Rap has seen some pretty controversial lyrics in its time. Future has bragged about peeing on his “ho”, Lil Wayne has compared menstrual bleeding to venereal diseases, and Eminem has written plenty of bars that celebrate the abuse of women. And yet, amidst the examples of casual sexism and rampant homophobia, rap and hip hop remain as two of the most socially conscious genres in music to date.
Political hip hop has been around since, well, the beginning of hip hop. As artists such as Gil Scott Heron, Ice Cube, Tupac, and Public Enemy rose to prominence, rap and hip hop became mediums to call out a whole host of global issues including racism, poverty and police brutality.
These artists helped pave the way to the music industry of the present day, where hip hop is at the heart of mainstream music and the progressive lyrics of contemporary musicians such as Kendrick Lamar, Chance the Rapper, and Beyonce have become beacons of hope for the growing part of the population determined to rally against the world’s inequality.
"The musician has played a crucial part in the process of creating a necessary dialogue around society’s most pressing injustices."
At the forefront of Kendrick’s work is a celebration of blackness that has acted to redefine modern day music - he not only uses his lyrics to tackle issues surrounding racism, mental health, and addiction, but most importantly, by bringing these problems into the spotlight of mainstream media, the musician has played a crucial part in the process of creating a necessary dialogue around society’s most pressing injustices.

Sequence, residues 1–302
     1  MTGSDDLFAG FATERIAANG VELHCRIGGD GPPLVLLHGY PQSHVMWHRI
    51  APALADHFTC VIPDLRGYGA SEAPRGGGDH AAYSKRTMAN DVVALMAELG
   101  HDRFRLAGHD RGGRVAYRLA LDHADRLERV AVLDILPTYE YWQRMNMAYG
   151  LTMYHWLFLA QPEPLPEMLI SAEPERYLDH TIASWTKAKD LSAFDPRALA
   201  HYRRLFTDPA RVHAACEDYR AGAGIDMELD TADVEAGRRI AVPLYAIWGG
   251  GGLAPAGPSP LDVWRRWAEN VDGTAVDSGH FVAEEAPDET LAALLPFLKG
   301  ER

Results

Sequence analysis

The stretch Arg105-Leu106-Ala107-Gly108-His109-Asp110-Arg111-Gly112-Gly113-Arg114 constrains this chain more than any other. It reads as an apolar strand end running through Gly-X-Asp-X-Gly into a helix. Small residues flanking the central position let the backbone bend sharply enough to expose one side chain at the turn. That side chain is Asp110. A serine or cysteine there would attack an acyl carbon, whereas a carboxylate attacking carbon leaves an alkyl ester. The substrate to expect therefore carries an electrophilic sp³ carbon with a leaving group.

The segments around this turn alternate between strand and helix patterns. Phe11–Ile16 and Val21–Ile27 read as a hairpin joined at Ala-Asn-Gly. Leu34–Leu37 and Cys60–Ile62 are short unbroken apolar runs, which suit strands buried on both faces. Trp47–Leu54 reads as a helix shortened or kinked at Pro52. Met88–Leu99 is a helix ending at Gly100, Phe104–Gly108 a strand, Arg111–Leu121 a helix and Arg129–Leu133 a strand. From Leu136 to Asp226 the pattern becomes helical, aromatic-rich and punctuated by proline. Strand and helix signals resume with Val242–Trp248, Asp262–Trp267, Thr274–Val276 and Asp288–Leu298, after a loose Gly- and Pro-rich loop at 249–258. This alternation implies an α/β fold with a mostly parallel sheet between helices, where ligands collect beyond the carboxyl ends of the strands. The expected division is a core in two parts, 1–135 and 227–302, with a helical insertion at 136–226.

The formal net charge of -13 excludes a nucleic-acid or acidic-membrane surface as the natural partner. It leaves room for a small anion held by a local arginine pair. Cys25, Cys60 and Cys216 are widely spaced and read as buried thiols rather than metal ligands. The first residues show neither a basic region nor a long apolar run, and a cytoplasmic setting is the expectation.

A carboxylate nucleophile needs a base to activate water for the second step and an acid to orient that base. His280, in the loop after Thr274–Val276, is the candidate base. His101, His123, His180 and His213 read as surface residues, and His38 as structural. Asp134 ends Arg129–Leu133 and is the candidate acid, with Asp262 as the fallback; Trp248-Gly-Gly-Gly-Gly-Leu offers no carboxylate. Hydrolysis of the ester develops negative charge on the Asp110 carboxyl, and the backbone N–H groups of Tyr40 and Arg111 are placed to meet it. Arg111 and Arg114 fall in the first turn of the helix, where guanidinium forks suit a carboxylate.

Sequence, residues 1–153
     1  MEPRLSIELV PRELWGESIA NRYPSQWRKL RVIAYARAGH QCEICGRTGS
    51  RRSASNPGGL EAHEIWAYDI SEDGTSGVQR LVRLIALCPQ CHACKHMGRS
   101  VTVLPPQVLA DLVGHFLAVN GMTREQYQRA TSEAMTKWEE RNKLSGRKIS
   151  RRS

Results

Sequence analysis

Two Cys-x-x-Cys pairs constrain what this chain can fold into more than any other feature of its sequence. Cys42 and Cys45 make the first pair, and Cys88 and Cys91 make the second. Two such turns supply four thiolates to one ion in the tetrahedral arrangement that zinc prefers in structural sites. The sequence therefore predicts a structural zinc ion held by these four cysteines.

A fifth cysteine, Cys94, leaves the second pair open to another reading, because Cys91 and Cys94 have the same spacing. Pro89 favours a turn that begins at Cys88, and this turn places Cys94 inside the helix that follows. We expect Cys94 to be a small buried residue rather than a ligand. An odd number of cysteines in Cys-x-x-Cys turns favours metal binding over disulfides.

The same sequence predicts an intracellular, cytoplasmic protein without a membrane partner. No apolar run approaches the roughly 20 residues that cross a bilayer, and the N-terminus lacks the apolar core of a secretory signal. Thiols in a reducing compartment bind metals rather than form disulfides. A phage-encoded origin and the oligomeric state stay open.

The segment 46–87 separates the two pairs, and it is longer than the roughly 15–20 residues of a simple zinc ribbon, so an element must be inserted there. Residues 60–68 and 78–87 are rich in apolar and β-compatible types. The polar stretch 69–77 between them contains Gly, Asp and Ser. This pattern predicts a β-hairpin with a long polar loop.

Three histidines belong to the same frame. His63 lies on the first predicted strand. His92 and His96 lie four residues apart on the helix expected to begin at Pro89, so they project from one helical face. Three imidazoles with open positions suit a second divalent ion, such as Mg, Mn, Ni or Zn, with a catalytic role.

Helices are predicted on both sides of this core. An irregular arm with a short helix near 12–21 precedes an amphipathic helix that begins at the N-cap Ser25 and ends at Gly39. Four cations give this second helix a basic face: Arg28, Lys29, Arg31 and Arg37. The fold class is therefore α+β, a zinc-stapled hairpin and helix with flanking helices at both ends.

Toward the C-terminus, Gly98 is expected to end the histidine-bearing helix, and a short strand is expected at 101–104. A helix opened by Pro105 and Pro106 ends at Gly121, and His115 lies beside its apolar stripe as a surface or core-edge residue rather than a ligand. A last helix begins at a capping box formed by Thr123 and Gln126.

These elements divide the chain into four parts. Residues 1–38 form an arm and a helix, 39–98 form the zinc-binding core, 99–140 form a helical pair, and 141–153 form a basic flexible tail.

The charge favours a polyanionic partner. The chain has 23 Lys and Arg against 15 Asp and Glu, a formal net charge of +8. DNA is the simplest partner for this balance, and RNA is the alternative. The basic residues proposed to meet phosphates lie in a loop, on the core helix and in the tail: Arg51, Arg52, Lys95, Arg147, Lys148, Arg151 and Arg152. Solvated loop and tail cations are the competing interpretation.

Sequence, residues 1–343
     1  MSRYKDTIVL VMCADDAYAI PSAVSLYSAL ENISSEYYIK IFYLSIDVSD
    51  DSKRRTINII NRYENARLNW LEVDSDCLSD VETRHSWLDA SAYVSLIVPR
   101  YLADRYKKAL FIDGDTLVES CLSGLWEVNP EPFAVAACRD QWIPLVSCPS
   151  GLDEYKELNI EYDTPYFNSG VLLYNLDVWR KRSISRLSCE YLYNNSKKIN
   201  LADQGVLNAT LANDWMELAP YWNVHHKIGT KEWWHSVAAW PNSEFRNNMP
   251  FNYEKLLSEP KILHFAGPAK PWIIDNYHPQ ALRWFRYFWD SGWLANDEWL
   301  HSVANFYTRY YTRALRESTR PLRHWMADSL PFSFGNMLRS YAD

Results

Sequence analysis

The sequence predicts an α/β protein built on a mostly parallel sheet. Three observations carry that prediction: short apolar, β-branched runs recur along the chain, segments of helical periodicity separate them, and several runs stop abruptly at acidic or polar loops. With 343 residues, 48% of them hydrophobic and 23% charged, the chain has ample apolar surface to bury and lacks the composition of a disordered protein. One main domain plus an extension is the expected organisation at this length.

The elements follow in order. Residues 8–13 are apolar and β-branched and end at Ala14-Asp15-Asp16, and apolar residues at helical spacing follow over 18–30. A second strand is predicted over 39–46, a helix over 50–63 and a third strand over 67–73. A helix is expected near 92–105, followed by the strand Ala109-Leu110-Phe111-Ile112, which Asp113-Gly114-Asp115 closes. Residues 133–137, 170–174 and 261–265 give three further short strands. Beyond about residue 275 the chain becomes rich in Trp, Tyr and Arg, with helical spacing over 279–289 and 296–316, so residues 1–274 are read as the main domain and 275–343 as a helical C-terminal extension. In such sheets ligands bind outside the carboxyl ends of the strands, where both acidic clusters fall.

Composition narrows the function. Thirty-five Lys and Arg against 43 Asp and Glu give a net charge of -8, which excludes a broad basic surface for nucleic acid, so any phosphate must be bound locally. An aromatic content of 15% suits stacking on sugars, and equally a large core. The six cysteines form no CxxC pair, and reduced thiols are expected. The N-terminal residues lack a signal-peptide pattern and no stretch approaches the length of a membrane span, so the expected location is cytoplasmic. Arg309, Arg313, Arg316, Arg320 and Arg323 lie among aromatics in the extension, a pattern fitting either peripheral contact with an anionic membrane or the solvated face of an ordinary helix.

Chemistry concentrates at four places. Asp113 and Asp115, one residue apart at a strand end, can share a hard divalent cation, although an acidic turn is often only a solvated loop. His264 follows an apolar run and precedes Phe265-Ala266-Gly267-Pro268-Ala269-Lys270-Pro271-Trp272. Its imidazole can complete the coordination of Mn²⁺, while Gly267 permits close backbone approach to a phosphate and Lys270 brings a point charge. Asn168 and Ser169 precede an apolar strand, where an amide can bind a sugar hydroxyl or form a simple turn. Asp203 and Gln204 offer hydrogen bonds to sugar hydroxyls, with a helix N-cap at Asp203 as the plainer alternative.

Alright, a track off the artist’s third album, To Pimp A Butterfly, became an anthem for the Black Lives Matter movement, and similarly, in 2016, his iconic performance of Blacker the Berry in a prison uniform at the 58th Annual Grammy Awards helped spark a much needed debate on mass incarceration.
However, it isn’t just his open digs at Donald Trump and unashamed commitment to putting the world right that makes Kendrick Lamar a world class musician. What perhaps is one of the artist’s greatest gifts is his ability to translate these wider problems into a palatable form of protest that can be ingested and appreciated by the wider population - Swimming Pools, the unofficial ‘turn up’ song of 2012 is actually about the dangers of alcoholism, and in turn, his recent track, Humble, although presented in the form of a traditional trap song, actually preaches the values of natural beauty, modesty, and casting hip hop’s customary braggadocio aside.
Of course, Kendrick’s main appeal is that his music is undeniably great. I mean, his seven Grammy awards say it all. However, what makes the artist special is his ability to transform the need for change into an art that is universally enjoyed.
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